As I went out this morning light snow drifted slowly out of a clear blue sky. It was beautiful and mysterious, perhaps a portent on the cusp of a new year. Though if I believed in omens I might choose instead the coyote I spotted in the Menomonee Valley a few days ago. Instead of being sunny, a deep overcast was spitting sleet in spurts. The coyote's fur was sodden and dripping as it loped across the pavement in front of my car. It splashed in the icy roadside ditch, slipped through a chain link fence and on into the narrow field between the vast stadium parking lot and the railroad. The bent grasses amongst which it paused looked as bedraggled as it did. Above, I could see a steady stream of cars speeding by on the freeway. The coyote looked around briefly, then turned and slipped out of sight.
Some indigenous peoples of North America revere the coyote as the Creator. More commonly known as a Trickster, though, coyote may appear the fool or the clever impersonator. As I watched this lone, scrubby coyote disappear into perfect camouflage of its wintry surroundings, one thing is unambiguous - here is the wild incarnate. And, against what odds I can only guess, it lives in the heart of Milwaukee. The coyote may not in itself be the creator of the wild, but wherever it goes it does far more than impersonate what is wild. Coyote embodies the wild. To my way of thinking, that it can do this in the city is a good omen indeed.
In addition to my glimpse of the coyote, I caught many a photograph this year, as you may have come to expect if you are a regular to my blog. Three that I shot just yesterday near the Milwaukee River in Gordon Park accompany this post.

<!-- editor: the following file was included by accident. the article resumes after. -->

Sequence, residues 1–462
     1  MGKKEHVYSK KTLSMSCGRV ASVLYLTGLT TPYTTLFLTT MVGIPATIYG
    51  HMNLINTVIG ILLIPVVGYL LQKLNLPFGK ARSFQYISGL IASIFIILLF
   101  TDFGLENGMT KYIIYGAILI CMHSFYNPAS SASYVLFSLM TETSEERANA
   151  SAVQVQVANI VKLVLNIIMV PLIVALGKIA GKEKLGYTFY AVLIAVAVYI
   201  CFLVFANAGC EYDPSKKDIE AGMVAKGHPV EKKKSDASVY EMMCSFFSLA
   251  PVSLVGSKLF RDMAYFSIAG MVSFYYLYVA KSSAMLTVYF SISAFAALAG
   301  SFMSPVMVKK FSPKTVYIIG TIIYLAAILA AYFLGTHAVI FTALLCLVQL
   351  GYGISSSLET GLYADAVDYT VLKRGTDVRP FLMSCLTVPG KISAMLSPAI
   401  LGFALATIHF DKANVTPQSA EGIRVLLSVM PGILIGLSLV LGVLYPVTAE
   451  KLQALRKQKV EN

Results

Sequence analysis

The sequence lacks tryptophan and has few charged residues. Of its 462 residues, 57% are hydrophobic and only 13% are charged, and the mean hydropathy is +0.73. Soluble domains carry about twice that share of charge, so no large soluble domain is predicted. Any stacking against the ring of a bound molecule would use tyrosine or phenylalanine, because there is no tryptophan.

2012 was a year for the record books. Much of the reason was bad news. But as December draws to a close, I am mindful of a more hopeful report I heard this week that claimed this was a watershed year for at least one important reason. Due to several extreme climatic events, including Superstorm Sandy and the worst drought conditions since the Dust Bowl, the general public and the media finally caught up with scientists regarding the real and inarguable effects of global warming.
The most significant event of the year was the most personal, the loss of my mother at 87. In August I wrote about her influence on me and my love of nature: In memoriam
Other than that, my favorite moments, in chronological order:
The year began softly, in a January blizzard. My meditation on the day is called A snowy silence
In February I covered one of my most regular beats, the Milwaukee County Grounds with Ronald McDonald House plans expansion. Although the specific request by Ronald McDonald House was settled by the County Board of Supervisors in July (see my update), questions remain about the ultimate fate of one final corner of unprotected land.
Also in February, Historic Milwaukee held a forum called "Remarkable Milwaukee." I weighed in with What's remarkable about Milwaukee?
An illuminating trip to Houston, Texas inspired a trilogy of posts. The first installment is called Waking to a new world. (Links to subsequent installments follow each.)
In March I explored a new (to me) park in the Milwaukee County system : A warm gray day in Grobschmidt Park.
In April I was invited by the Great Waters Group of the Sierra Club to give a keynote address for their annual Earth Day celebration. Here is what I told them: Reflections on Earth Day
A new trail in the Cambridge Woods portion of the Milwaukee River Greenway generated controversy in May: Urban wilderness and accessibility
In June I visited the Chicago Wilderness along the Des Plaines River: The scent of summer
And a trip to Phoenix resulted in a two-part post: It's a desert out there! (A link to part 2 follows this post.)
In July I finally made a long-awaited pilgrimage to visit Aldo Leopold's shack on the Wisconsin River north of Madison: A visit to Sand County
There was wonderful news to report in September: A new branch of the Urban Ecology Center opens in the Menomonee Valley
In October, another two-part post, this time from New York City: The High Line: Good and Bad. (A link to part 2 follows this post.)
In November a short excursion led to a surprising discovery - Starved Rock State Park - two hours southwest of Chicago: Off Season
This was also the year when I finally got around to putting the finishing touches on a book too long in the works: The Milwaukee County Grounds: Island of Hope
Happy New Year from the Urban Wilderness!